Maggie Rogers' first single Alaska went viral for all the right reasons. It's a breathtaking tale of reinvention in which Rogers shows a startling awareness of breath and the body – and she somehow manages to turn it into a dance track. Two years later, Rogers is releasing her debut album, and the hype and attention around her trajectory as a pop star has increased tenfold.
With such assured artistry so early on in her career, it's no surprise that on her debut, Rogers' voice is literally and figuratively crystal clear throughout. Her songs are somewhere between Lorde and Robyn, sharing profound lyrical details with the former artist and a dance-oriented, pounding energy with the latter – though there's undoubtedly an effort to hit more radio-friendly beats on Heard it in a Past Life. That's not to say Rogers is a copycat of either artist; there's a brightness throughout that feels fresh even in the well-trodden genre of indie pop.
Rogers' lyrics regularly reference light, water and breath, and the ease with which she ties them back to the emotional tempo of her life leads to a number of transcendent moments. The strongest example of this is Fallingwater, an early single that's nothing short of a masterpiece. The expansive Rostam-produced tune finds Rogers confronting surprising grief some time after a relationship breakdown, and fittingly, the song pulls back the beat with a slower tempo to close out the song over a stunning, reflective epilogue. It's extraordinary songwriting, rendered beautifully by Rogers' towering vocals.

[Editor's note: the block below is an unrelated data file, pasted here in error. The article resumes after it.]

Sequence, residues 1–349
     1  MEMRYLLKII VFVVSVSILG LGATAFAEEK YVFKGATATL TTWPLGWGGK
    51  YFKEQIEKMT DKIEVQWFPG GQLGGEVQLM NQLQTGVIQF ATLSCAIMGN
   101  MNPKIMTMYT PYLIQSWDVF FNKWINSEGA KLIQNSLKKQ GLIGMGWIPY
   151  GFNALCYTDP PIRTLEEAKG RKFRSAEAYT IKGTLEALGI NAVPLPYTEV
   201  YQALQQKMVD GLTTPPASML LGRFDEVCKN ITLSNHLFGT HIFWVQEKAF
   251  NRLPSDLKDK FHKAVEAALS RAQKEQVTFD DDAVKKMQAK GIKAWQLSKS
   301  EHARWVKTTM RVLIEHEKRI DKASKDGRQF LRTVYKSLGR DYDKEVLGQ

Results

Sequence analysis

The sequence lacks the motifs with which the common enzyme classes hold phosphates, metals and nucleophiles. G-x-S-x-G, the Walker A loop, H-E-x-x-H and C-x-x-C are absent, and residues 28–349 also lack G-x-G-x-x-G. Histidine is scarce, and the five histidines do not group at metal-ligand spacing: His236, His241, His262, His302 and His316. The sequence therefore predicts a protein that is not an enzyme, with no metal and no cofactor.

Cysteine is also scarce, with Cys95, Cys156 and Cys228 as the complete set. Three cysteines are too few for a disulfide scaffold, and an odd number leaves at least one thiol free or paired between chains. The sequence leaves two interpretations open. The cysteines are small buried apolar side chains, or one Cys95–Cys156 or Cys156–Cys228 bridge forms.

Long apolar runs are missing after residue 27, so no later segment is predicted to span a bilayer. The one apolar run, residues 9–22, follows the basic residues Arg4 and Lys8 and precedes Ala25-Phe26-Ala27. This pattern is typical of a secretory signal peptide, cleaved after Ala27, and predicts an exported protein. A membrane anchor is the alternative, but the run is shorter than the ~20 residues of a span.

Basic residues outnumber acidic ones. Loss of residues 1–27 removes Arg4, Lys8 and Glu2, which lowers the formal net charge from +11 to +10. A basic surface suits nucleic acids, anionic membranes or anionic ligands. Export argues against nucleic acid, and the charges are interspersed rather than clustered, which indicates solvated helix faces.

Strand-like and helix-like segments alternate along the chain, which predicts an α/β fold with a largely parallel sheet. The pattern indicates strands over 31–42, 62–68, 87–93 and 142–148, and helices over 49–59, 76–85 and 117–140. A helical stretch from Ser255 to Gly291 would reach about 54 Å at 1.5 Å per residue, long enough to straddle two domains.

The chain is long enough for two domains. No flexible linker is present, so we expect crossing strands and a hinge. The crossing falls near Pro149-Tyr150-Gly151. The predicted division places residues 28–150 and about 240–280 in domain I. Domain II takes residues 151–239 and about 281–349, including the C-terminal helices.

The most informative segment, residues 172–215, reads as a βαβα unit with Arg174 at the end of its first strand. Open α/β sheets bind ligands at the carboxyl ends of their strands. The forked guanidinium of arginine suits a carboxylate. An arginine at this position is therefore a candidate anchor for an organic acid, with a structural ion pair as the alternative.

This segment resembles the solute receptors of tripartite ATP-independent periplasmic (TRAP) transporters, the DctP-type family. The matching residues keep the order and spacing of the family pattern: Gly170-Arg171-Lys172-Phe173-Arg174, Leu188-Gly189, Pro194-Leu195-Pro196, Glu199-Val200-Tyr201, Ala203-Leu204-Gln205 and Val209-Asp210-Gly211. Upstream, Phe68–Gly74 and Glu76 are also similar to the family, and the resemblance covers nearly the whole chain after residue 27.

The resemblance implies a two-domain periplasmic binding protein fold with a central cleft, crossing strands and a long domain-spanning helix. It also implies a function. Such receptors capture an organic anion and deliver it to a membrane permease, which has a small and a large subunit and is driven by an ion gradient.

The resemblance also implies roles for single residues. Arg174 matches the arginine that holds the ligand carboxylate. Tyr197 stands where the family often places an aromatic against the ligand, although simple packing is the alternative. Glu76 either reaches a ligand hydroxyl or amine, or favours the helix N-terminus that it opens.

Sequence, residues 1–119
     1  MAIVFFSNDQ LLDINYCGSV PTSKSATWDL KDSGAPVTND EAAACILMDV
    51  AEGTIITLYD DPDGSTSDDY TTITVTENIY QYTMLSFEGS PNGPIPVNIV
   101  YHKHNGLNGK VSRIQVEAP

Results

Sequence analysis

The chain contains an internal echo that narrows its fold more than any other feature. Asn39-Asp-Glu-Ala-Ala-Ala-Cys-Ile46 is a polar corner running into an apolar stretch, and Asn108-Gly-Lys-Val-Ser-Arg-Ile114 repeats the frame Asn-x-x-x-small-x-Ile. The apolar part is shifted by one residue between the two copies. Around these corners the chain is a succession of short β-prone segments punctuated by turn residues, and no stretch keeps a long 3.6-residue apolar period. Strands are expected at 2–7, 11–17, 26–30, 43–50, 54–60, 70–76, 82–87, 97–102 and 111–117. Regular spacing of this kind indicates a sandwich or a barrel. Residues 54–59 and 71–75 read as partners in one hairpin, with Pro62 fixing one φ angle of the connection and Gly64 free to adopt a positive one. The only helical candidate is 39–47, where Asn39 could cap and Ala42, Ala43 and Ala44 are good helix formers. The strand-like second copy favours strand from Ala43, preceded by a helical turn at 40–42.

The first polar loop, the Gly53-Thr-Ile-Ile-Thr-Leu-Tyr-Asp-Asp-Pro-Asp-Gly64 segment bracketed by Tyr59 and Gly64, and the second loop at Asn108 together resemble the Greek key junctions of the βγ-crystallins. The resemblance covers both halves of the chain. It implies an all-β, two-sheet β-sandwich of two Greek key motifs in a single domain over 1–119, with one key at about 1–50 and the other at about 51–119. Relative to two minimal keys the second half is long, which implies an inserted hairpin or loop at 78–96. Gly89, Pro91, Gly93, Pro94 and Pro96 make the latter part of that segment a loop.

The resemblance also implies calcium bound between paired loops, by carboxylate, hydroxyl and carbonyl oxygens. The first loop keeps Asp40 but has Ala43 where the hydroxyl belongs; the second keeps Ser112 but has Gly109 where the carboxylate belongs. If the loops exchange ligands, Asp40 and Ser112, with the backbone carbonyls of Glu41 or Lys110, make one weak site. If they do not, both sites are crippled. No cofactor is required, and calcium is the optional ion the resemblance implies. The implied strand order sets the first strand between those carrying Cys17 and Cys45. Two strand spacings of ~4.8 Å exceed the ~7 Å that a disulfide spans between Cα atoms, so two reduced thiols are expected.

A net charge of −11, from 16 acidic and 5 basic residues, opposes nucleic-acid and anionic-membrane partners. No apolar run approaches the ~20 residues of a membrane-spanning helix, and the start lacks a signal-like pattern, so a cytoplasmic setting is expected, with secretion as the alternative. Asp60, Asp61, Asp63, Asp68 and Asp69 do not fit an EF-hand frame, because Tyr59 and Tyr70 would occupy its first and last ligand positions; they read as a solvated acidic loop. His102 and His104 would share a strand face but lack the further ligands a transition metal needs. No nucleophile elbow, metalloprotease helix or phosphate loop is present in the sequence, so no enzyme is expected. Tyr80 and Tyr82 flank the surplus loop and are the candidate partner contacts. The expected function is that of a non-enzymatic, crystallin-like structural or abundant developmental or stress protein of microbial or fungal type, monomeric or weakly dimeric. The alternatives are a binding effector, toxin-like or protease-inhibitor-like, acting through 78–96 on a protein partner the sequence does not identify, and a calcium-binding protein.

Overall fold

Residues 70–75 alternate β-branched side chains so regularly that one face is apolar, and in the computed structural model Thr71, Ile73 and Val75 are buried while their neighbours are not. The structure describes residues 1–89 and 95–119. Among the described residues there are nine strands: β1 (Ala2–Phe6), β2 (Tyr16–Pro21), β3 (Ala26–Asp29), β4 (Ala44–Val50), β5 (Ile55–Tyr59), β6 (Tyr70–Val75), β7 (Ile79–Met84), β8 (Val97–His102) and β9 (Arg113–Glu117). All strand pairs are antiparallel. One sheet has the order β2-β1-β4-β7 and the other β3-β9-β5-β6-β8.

Other singles (Light On, On & Off) reach similar emotional crescendos, and the album tracks don't quite live up to the same promise – but they're fine displays of Rogers' talent nonetheless. Overnight finds the singer clinging to a failed relationship over a bouncy beat and shimmering vocal adornments, while Say It is a more R'n'B-influenced tune with a chorus that shows off Rogers' falsetto. Heard it in a Past Life is largely upbeat and dance-oriented across the board, and Rogers' remarkably vulnerable storytelling makes it a deeply felt, uplifting debut.
Artist, Album name
Heard it in a Past Life
Bright, shimmering pop from an artist remarkably in touch with the world's natural rhythms.